Elon Musk's SpaceX Dragon cargo capsule to carry supplies to NASA’s International Space Station (ISS) couldn’t be launched as scheduled on Thursday due to bad weather and storms. SpaceX has now rescheduled the launch to June 3, Saturday at 5:07 PM EDT.
The SpaceX Dragon resupply mission launch was earlier scheduled for Thursday at 5:55 PM EDT (2:55 PDT), but unfortunately it had to be postponed due to unfavourable weather conditions.
The SpaceX Dragon capsule will be blasted off from LC-39A, the facility at Kennedy Space Center leased by the company from NASA.
Also, SpaceX will attempt to recover the first stage of Falcon 9 at its LZ-1 at Cape Canaveral Air Force Base.
After the launch on June 3, the SpaceX will attempt to connect with the ISS on June 4. It will remain attached to the space station for about a month and then will come back to Earth with a planned splashdown in the Pacific Ocean.
The live feed for SpaceX will begin around 20 minutes prior to the launch, that is around 5:35 PM EDT or 2:35 PM PDT.
Elon Musk's SpaceX Dragon capsule will visit NASA’s ISS for the second time and will carry supplies required by the crew.
The SpaceX Dragon visited the ISS in 2014 for the very first time. According to SpaceX, the parts of Dragon have always been reused but this will be for the first time that they have been used to this extent.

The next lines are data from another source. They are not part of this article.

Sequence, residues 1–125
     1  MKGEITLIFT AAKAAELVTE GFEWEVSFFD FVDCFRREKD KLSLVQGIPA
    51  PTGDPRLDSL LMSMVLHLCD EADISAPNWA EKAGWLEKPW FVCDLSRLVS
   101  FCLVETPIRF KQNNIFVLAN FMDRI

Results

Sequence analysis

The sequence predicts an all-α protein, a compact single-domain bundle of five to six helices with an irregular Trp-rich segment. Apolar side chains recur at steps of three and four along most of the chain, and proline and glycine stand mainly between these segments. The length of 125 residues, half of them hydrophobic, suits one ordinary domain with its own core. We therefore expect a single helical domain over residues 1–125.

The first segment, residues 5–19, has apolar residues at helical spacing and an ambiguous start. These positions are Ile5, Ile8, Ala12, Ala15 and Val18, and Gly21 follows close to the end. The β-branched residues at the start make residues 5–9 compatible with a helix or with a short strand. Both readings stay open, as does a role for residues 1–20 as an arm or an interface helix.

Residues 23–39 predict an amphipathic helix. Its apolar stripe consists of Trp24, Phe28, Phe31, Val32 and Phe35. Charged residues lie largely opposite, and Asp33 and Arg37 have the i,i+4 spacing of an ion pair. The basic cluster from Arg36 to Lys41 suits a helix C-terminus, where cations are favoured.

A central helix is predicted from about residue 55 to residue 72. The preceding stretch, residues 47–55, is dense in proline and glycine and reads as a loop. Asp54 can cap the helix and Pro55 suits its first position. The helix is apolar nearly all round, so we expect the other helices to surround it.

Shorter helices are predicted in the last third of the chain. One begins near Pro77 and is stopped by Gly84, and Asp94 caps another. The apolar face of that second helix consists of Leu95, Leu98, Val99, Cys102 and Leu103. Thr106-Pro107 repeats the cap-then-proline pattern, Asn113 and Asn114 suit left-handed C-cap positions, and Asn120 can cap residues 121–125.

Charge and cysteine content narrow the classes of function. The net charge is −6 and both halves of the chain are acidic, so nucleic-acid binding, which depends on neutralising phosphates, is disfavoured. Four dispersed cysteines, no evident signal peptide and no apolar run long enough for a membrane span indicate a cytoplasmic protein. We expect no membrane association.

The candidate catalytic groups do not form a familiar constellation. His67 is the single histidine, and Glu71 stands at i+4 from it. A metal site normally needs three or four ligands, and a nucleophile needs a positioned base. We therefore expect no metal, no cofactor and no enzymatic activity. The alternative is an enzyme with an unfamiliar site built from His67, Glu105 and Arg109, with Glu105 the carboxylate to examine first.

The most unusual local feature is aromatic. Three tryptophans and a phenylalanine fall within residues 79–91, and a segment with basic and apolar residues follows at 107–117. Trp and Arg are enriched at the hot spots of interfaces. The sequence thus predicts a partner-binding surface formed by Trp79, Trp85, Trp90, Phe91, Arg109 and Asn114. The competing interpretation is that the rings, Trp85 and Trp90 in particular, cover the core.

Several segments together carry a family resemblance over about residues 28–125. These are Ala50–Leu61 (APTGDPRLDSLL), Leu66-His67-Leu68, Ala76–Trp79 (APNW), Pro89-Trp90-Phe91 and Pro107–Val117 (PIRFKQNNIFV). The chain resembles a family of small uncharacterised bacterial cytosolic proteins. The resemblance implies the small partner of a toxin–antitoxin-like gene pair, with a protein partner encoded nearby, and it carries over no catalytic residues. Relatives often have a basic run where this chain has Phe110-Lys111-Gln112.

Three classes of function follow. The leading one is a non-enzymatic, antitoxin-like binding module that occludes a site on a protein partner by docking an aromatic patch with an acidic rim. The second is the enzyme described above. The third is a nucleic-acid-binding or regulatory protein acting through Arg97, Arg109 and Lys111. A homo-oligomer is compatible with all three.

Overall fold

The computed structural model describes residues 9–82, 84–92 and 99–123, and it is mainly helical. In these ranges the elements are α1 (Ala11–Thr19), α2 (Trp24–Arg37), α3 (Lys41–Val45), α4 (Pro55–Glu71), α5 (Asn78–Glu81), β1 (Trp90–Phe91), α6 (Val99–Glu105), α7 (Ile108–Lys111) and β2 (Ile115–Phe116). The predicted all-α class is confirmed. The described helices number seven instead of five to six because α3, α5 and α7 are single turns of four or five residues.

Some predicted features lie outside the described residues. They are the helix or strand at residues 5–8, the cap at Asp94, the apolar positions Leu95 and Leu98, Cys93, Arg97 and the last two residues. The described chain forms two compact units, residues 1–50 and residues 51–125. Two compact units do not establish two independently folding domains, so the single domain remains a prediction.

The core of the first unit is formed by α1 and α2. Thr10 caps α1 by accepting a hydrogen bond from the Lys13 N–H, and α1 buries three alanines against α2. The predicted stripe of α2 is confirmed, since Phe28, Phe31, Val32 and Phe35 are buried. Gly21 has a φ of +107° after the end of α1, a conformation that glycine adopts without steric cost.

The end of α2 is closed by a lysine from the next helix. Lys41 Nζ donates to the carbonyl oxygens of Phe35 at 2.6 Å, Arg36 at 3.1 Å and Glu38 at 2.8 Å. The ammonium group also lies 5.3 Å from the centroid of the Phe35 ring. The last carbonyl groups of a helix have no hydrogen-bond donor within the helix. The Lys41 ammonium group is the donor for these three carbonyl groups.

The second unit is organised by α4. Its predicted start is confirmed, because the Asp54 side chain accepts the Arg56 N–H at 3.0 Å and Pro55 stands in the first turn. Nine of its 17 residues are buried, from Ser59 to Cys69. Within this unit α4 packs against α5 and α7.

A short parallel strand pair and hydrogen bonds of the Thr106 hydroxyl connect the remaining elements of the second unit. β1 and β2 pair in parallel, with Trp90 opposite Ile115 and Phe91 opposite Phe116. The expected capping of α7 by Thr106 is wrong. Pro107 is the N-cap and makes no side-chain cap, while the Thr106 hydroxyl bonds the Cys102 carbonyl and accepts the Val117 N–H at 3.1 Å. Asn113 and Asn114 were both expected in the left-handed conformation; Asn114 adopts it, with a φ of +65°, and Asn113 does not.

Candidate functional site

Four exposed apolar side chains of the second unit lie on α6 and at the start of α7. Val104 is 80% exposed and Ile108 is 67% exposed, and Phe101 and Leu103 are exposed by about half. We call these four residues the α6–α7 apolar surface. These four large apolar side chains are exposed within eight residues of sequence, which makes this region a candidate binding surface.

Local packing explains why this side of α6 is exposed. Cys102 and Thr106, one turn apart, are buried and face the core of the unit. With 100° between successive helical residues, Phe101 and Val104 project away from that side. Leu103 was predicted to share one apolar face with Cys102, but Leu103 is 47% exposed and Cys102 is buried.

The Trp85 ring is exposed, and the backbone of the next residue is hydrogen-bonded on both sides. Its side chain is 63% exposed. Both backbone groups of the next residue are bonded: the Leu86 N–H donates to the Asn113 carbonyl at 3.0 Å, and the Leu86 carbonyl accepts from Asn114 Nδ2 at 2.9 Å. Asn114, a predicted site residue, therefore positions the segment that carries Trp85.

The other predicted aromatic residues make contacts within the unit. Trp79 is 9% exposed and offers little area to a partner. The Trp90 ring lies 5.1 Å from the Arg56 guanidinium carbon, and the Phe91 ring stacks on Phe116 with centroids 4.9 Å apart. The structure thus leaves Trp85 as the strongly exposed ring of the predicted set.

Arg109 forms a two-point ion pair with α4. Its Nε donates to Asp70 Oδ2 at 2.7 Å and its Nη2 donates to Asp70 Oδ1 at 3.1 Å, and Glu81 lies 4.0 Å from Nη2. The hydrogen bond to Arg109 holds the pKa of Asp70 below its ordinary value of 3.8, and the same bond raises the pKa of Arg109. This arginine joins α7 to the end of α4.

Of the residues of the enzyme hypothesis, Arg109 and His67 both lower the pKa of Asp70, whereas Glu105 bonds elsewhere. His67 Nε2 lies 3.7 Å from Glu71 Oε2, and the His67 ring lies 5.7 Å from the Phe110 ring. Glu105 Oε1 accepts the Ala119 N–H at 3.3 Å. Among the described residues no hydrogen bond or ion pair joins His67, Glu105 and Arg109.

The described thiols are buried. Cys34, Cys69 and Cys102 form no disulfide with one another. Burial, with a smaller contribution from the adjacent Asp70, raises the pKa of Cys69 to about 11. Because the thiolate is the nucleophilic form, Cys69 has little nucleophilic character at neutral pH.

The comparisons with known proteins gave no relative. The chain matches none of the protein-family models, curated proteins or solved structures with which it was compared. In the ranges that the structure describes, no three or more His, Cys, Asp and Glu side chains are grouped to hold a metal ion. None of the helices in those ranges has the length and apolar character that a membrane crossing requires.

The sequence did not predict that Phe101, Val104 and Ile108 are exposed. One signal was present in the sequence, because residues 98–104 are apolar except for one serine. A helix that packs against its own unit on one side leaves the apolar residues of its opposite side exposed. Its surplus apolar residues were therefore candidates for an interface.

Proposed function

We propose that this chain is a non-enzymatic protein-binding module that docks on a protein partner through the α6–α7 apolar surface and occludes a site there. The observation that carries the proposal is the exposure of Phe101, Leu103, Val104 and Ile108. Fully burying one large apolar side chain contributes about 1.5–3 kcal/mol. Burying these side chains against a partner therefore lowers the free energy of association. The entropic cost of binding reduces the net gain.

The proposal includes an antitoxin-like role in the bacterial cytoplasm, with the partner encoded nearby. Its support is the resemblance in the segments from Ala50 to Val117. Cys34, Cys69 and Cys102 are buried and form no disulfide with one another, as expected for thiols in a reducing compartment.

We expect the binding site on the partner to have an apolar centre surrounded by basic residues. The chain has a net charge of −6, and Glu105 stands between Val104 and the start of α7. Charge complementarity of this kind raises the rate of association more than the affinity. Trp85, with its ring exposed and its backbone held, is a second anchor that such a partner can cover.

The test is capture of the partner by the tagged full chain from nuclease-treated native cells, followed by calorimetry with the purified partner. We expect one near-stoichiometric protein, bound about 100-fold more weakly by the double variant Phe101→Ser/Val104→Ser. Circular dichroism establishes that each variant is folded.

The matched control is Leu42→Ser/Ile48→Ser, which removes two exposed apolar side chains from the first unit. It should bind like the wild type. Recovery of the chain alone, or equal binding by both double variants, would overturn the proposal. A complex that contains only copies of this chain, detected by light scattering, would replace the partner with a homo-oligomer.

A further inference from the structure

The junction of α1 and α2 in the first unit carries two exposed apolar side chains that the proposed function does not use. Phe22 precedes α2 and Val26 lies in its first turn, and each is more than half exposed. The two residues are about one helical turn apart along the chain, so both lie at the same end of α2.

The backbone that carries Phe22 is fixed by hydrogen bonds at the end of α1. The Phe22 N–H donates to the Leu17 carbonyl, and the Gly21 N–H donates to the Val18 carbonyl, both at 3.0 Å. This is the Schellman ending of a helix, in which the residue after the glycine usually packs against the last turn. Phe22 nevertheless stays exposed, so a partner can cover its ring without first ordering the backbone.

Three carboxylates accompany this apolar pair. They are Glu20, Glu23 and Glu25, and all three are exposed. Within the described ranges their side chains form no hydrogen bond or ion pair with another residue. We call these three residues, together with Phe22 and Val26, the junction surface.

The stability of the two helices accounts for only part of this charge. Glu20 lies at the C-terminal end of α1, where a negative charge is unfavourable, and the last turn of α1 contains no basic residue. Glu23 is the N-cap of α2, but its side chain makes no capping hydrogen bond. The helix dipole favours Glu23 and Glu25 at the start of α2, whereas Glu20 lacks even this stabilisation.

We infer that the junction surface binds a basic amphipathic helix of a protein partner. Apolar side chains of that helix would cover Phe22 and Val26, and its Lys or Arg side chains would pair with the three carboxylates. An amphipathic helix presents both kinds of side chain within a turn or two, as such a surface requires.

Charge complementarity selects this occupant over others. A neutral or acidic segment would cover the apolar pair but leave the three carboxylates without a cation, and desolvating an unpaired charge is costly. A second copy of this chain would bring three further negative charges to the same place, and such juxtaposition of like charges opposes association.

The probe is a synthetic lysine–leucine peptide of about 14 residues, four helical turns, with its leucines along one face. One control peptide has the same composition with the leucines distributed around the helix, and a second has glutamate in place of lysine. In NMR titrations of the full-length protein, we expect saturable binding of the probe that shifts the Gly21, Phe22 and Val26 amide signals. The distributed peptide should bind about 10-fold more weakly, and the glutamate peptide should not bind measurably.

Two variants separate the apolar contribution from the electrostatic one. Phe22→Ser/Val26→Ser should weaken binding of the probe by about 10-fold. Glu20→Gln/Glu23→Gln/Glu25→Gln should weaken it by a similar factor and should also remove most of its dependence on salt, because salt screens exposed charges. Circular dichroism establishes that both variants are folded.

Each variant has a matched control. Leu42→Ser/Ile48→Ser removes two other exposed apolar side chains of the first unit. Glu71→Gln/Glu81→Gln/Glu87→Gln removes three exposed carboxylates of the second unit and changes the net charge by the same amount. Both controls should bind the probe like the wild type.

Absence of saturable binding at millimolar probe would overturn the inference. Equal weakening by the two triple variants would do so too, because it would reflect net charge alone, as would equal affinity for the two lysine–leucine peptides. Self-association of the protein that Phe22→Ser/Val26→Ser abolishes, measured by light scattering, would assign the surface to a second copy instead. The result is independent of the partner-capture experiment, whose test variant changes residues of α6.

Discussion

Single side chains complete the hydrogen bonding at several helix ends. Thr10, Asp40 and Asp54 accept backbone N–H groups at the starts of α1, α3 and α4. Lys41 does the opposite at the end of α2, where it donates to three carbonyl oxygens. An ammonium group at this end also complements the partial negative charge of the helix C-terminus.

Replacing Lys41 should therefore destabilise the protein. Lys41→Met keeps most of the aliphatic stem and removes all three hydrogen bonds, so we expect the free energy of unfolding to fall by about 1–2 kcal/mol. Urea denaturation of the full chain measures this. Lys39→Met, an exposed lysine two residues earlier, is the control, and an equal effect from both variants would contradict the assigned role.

The SpaceX Dragon capsule will carry cargo weighing 6,000 pounds and will also include mice and flies for medical research.
SpaceX’s 230-foot-tall Falcon 9 rocket will carry the Dragon capsule which is 20-foot high, 12-foot-diameter. This launch will be the eleventh commercial resupply services flight for SpaceX.
The Dragon will carry important materials that will support over 250 science and research probes that would be conducted during Expeditions 52 and 53.
The Dragon will be welcomed by US astronauts Peggy Whitson and Jack Fischer, who will grapple the capsule with the help of ISS’ 57-foot-long robotic arm. The robotic arm will then rotate and install the Dragon capsule to the Harmony module of the space station following ground commands form the mission control.
2014 SpaceX Dragon launch:
The Dragon delivered around 2.5 tons of cargo to ISS back in 2014 and then touch down to Earth, splashing down into the ocean about a month later.
Last year, Benjamin Reed, director of commercial crew mission management at SpaceX revealed the mission in a presentation at the International Symposium for Personal and Commercial Spaceflight.
“We will be reflying our first Dragon capsule on CRS-11,” he said, using the company's designation for that cargo mission, known as SpX-11 by NASA.
The Dragon was designed in such a way that it could be apt for reuse, however, the CRX contract of SpaceX with NASA required the use of a new Dragon spacecraft for each cargo mission.
Reed said SpaceX has been working with NASA to demonstrate that the spacecraft can be safely reused for additional cargo flights, according to SpaceNews.
“It's a great example of the partnership we have with NASA,” he said of that effort to win approval for the reuse of Dragon spacecraft.
“We've carefully gone through a process of proving that you can reuse various components all the way up to a whole system, and how you certify that.”